Oh, well, for Ronnie, after I wrote the song Just One Kiss, I thought I really needed an amazing guitar solo. And so I have just been working with Ronnie, and we did this amazingly. I’m a fan of him, he’s an amazing guitarist. And I knew he would bring pure rock’n’roll and the wildest solos. So I asked him to do it, and he totally delivered that. And then Noel, I wanted it to be a duet. And I really, really wanted it to be known for sure. I love his voice – his songwriting is stunning – but his voice is amazing as well. So I think he has a perfect sound for the song. He sounds so cool. I’m delighted that they really made this sound for me, the two of them, and I’m lucky they’re both friends. So it was a nice vibe. Also, regarding the album cover, I ended up having lunch with Pattie Boyd [George Harrison and Eric Clapton’s ex-wife, photographer], and she gave me one of her books with all of her photography in it. Pattie Boyd took most of the most famous photographs of The Beatles and Eric Clapton. She was married to George Harrison and then she was married to Eric Clapton. She’s famous for being married to people, but that’s not all she is. She is this wonderful woman, a fabulous character, and she’s an amazing photographer. There’s no way that they all fought to marry her unless she was an extremely talented and interesting woman to inspire all those songs. And a lot of people don’t realise that the images that they see and know are from her. So I saw one of her photographs, it was a self-portrait. It blew me away, so the cover of 11 Past the Hour is an old Pattie Boyd’s, and it’s inspired by her. And I asked her if she minded that I did that. And I sent a photograph. And she said, “Oh, my God, I love it”. So, she gave me her blessing for the cover of the album.

What do you think of the current state of rock?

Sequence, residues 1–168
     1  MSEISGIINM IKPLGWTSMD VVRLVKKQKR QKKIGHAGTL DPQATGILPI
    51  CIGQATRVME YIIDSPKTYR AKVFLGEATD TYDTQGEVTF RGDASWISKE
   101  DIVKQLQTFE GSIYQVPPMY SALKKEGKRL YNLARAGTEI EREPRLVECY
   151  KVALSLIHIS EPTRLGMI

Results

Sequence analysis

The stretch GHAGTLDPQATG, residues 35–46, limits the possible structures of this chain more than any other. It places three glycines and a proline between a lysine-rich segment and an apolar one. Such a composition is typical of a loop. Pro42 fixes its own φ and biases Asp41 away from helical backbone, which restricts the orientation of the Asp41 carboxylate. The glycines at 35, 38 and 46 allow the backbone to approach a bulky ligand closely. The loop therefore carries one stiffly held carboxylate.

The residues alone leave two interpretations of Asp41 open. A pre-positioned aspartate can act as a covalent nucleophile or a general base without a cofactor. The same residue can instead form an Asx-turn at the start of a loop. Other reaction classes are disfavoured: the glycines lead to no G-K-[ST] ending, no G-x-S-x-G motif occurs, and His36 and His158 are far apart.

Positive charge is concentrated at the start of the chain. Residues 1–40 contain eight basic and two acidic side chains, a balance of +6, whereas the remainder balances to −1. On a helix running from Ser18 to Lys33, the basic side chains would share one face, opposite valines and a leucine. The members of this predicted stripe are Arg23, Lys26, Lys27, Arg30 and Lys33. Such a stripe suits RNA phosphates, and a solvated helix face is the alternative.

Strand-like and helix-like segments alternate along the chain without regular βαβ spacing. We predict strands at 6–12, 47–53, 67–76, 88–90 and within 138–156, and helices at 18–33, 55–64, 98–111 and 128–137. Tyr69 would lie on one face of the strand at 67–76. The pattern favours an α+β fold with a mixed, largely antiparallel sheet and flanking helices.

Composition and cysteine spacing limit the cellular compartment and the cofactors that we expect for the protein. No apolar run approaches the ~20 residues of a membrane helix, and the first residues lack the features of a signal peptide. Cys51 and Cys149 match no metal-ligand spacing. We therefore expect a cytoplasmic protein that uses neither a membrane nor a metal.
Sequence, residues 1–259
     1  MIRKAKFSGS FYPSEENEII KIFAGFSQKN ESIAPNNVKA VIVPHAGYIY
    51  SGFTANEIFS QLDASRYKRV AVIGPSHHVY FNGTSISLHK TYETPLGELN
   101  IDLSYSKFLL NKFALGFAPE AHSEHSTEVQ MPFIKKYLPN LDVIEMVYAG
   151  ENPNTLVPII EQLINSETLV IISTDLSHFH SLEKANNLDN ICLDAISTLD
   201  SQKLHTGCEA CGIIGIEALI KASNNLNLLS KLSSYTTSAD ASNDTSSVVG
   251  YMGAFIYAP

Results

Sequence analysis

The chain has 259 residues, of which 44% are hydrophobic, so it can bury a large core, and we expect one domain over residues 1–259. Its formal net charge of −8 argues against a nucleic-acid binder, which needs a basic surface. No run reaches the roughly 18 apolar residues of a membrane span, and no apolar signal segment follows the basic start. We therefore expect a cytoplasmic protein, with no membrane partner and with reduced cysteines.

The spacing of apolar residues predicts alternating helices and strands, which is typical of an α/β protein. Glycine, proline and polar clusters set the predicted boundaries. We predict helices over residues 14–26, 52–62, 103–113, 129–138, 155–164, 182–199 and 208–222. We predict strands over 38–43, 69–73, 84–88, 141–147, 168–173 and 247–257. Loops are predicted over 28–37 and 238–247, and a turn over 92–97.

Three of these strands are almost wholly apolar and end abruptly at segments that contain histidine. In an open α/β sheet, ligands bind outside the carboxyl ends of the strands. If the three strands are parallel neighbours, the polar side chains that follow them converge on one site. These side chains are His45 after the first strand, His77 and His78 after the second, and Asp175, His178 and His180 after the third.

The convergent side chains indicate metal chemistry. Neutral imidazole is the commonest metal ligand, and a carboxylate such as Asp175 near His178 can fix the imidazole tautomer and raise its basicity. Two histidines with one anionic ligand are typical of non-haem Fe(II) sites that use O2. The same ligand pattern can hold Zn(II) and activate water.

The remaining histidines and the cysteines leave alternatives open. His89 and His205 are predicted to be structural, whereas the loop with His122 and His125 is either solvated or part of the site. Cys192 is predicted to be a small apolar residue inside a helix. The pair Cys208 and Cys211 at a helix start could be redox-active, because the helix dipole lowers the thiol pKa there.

Of rock music today? I think it’s brilliant. Music changes and it should, it should always change, it should always move – if it’s ever stuck in time, then it’s just a distant memory of itself. It needs to be alive, I think there’s so much good music out at the moment, there are so many amazing bands, and this is healthy, because you cannot live in the past of rock music; once rock’n’roll was created, it changed its forms and it’s all brilliant. Whatever you’re talking about Elvis Presley to The Beatles, The Rolling Stones or Oasis, it all moves and so we should, too. As for me, I listen to everything, a lot of different artists. I’ve never listened to one particular type, it’s just anything that moves me. There’s a great guy called Joshua Burnside I’m enjoying very much at the moment. Also, I love Blake Mills and Fontaines D.C., The Last Shadow Puppets, Marilyn Manson and Inhaler.

Where do you draw your inspiration from?

Love. That’s it, that’s all that inspires me. Love of all kinds. Not just romantic love, I mean – love of everything and trying to behave lovingly and accept everything and people… it can be a challenge, but it’s worth it. And so that’s what inspires me, and all the music that I listened to. And the fact that I am sitting, looking through my books and sketching birds and trees – just beauty inspires the things that interest me and inspire me. Differences inspire me. And poetry. I write a lot of poetry, and I read poetry every day. My house is just books, books, books all over the table – it’s like I don’t even see my kitchen table. It’s just books piled upon.

What sort of books?